MOSCOW — Tatyana Lokshina is in mourning. And she is angry.
Human rights workers are supposed to aid those in need and document the cases of those who have been wronged. They are not supposed to attend the funerals of their colleagues.
Yet that is where Lokshina, an activist at the Moscow office of Human Rights Watch, found herself, yet again, last week.
Her friend and colleague Natalia Estemirova, the leading human rights campaigner in the Russian republic of Chechnya, had been kidnapped and murdered, silenced for tirelessly reporting the atrocities that activists say are not only sanctioned but committed by the regime of Chechen President Ramzan Kadyrov.
“I’m devastated, totally crushed about her death,” said Lokshina, echoing the sentiment of dozens of activists and journalists who relied, both professionally and personally, on Estemirova, one of the last in their field to live and work in Chechnya.
News of the murder was met with shock, but not with surprise. Kadyrov was said to harbor a personal hatred for Estemirova. At least seven of his well-known opponents have met violent deaths.
One of the first was Anna Politkovskaya, the crusading journalist for opposition newspaper Novaya Gazeta, who was gunned down in the entrance to her Moscow apartment building in October 2006. She and Estemirova were what activists called the soul of their campaign to expose the atrocities that have flourished under Kadyrov’s rule.
When critics of official power in Vladimir Putin's Russia are killed, be they journalists, politicians or activists, it strikes a blow to Russia’s beleaguered human rights community.
Yet Estemirova’s murder has prompted an unprecedented collective soul searching among the women who form the heart of that community. With two of their best and brightest felled by assassins’ bullets, life has become all the more dangerous and the future all the more uncertain.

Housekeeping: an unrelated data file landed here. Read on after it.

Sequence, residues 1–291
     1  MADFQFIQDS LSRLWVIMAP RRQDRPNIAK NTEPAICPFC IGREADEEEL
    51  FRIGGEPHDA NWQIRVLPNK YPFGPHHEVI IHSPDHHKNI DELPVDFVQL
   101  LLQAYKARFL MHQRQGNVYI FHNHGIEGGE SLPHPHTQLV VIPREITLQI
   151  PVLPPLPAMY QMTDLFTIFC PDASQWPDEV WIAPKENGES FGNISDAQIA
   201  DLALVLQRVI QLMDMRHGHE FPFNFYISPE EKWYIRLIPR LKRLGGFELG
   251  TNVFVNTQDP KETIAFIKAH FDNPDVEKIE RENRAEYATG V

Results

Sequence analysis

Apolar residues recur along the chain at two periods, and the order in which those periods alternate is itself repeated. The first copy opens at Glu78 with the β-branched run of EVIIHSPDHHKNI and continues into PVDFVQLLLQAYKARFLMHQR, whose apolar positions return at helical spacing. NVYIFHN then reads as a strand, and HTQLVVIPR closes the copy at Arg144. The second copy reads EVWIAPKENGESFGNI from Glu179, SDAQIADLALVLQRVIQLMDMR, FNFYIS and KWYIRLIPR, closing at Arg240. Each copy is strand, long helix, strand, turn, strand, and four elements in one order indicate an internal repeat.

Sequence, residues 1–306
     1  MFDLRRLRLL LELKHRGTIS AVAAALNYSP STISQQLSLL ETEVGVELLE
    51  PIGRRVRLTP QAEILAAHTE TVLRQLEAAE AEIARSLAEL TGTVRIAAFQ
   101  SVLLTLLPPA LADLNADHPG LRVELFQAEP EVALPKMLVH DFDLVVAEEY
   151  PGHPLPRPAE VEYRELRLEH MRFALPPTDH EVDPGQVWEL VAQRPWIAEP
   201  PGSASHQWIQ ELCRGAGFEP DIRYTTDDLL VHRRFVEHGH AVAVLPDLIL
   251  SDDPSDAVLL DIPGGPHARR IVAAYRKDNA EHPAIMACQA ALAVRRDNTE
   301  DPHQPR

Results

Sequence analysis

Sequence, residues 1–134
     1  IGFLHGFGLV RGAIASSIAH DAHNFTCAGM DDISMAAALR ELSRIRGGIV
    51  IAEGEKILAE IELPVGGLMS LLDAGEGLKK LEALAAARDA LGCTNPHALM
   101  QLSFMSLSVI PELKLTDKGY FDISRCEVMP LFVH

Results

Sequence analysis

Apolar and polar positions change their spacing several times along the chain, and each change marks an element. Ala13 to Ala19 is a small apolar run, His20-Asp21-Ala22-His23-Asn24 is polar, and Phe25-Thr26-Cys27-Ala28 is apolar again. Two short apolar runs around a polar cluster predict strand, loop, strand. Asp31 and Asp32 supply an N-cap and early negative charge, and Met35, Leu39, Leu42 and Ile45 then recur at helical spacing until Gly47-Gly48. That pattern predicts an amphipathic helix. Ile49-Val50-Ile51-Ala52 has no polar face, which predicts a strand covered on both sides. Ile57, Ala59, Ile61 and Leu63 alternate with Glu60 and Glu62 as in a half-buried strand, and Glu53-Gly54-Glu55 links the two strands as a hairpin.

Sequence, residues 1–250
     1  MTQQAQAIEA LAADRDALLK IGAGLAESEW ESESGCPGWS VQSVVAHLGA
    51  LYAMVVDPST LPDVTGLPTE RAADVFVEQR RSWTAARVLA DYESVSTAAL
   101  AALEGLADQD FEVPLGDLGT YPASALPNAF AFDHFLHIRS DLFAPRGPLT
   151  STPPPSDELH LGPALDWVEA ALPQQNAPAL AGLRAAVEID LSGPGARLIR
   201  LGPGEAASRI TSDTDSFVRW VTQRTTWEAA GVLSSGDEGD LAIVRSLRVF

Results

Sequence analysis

The sense of defiance that once bound them is crumbling.
Karinna Moskalenko is a lawyer who focuses on Chechen cases and represents Politkovskaya’s family. As the trial of alleged accomplices to Politkovskaya’s murder got underway last year, she was struck with mercury poisoning at her home in France. An initial investigation ruled the poisoning an accident. A second investigation raised doubt.
Moskalenko said she used to feel brave, traveling to Grozny in Chechnya and Nazran, the capital of the neighboring republic of Ingushetia. “I would believe that no one could do anything illegal against me. I’m a lawyer, I don’t do politics,” she said. “I was very brave then, I sincerely believed nothing can be done with me, because it was so clear I was acting in a legal way. Now I’m not so sure,” she said.
On Saturday, Memorial, the Russian NGO where Estemirova worked and the last major NGO to maintain an office in Chechnya, said it was shutting its doors there.
“This murder has shown that working in Chechnya is fatally dangerous and we cannot risk the lives of our colleagues even if they are ready to carry on their work,” said Alexander Cherkasov, who also works there.
That means events inside Chechnya, which Kadyrov runs as a personal fiefdom, complete with an ingrained cult of personality, a feared security force and a network of secret prisons, will withdraw even further from the public eye.